Do I sound like an asshole? You bet. But I would way rather sound like an asshole than end up with cholera, or my children end up with shingles at 50 years old. Sorry, I have no time for these people. They are endangering the population. And if you want to go down the "I'm such a holistic parent that I will do literally everything against the mainstream to be a "neo-parent" its kinda your fault. Sometimes "neo" ideas fail.

This comment got me curious so I looked it up. The Pew Research Center and several other institutions have found that antivaxxers are pretty evenly distributed across political parties. Also, amusingly, both sides thinks the other side is more likely to be anti-vax:
You are very right, as many "neo-liberal" parents follow these dumb-ass ideas too. My bad for making it partisan.

I was on a project with one anti-vaxxer, who i really never fucked with, kid was a dick and ironically very unhealthy. His justification was that the vaccines are created from the diseases themselves and so they are a massive conspiracy to make people ill...but aren't they made under some intensive controls, and don't they come from dead cells of the bacteria (or whatever) that causes the illnesses?
*Facepalm* Ya. THIS. If the kid knew anything about how vaccines were created, and didnt buy into some BS conspiracy theory, he would have known the possiblity from actually contracting a disease form a vaccine is virtually nil.
 

Dameon

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My justification for dismissing these people as such, is because if there are people who blatantly refuse to listen to science that has been proven time and time again, outside of government entities, even; the only thing that will protect the rest of the population is to isolate them. The best way to isolate a dangerous group of people is to dismiss their ideas as moronic and unfounded.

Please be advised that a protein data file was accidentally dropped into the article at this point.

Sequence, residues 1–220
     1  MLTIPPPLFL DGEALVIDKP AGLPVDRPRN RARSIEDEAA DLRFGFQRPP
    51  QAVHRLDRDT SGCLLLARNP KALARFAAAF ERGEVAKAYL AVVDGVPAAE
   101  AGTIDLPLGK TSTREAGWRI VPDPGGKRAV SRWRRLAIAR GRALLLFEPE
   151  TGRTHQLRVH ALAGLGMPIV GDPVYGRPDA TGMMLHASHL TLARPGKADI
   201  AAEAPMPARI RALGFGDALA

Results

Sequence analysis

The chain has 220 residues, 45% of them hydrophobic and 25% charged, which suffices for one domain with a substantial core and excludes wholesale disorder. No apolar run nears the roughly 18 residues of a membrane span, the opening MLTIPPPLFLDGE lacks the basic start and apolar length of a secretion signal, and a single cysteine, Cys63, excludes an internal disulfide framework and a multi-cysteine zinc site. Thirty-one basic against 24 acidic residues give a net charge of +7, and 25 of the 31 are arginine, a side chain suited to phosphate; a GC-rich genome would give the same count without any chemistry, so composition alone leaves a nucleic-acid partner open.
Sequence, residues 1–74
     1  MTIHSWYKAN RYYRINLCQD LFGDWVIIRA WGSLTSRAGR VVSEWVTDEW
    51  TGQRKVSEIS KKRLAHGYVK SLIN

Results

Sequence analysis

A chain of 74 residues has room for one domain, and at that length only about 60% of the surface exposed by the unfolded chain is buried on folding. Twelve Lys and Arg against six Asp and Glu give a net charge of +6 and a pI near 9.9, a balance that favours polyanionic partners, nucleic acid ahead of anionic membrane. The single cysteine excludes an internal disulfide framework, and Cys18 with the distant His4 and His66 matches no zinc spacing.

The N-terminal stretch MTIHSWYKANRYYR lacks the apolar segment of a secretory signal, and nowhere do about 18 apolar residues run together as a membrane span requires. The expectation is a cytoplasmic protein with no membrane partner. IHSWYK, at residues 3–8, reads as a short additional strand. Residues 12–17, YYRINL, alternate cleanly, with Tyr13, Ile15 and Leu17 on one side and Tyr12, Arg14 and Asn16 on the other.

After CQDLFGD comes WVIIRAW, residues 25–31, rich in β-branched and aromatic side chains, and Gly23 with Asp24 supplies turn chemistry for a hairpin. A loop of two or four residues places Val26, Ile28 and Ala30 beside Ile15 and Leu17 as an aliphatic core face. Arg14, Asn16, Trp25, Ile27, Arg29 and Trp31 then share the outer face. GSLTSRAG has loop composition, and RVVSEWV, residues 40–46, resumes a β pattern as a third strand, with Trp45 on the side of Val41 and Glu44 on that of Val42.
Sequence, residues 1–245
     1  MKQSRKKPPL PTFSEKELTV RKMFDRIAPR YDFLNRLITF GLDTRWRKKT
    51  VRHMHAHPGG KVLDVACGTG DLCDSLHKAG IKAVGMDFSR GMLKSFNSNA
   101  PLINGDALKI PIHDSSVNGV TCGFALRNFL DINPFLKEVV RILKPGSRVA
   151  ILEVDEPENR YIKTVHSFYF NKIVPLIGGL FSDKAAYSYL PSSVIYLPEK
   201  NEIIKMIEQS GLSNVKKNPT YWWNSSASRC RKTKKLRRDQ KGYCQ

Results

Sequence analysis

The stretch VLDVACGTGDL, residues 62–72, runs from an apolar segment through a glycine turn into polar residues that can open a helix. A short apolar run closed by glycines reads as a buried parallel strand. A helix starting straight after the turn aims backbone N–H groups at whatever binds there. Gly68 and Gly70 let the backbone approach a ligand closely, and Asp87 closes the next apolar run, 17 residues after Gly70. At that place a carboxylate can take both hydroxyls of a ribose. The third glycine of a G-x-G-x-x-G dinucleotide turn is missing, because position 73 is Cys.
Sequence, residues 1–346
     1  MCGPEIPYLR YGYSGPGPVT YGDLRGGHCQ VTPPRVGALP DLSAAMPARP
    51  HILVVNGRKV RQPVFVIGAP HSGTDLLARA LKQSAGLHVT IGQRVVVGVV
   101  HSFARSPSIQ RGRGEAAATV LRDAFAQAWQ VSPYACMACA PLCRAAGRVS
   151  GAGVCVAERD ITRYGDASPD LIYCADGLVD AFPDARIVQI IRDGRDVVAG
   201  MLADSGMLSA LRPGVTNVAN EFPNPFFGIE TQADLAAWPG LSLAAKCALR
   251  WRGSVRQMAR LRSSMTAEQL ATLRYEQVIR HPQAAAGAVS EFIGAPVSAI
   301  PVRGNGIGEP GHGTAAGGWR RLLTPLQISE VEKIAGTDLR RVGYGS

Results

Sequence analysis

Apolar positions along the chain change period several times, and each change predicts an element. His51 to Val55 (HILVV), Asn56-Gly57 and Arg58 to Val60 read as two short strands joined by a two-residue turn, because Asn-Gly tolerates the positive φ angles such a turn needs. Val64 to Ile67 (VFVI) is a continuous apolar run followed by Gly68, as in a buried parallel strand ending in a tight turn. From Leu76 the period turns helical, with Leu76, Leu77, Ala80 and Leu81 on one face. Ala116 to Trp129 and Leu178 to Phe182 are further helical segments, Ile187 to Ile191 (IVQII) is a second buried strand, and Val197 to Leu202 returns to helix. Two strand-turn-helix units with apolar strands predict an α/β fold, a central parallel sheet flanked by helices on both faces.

I think that the real problem is that you don't have any chance of convincing them their beliefs are wrong if you just dismiss the complexities that lead somebody to become and stay anti-vaxx. Insulting them hasn't worked as a tactic, clearly, the movement keeps growing.
 

Coywolf

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They only thing left to do is insult them. We have tried science. When they claimed it was "government funded science", we used privately funded studies that concluded the same thing. When that didnt work we asked doctors to explain to them why vaccines were needed. That didnt work, so now the only thing left to do is discredit their ideas through public education, one source of which is making their ideas seem ridiculous though a general consensus that vaccines are needed for the general health of the public, which far outnumbers the anti-vaxers.
 

Coywolf

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Also, WHAT complexities? The fact they listen to fringe news sources, or that they somehow know one child that had an adverse effect to a vaccine? That is like saying "I dont want to take my kid to the hospital for pneumonia because I know a kid that got MRSA there once"
 

Older Than Dirt

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There are no complexities, as Coywolf said, and there is no reasoning with someone stupid enough to not vaccinate their kids. Being a flat-earth moron just makes you an idiot, but being an anti-vaxxer can kill or cripple people too young to make their own decisions.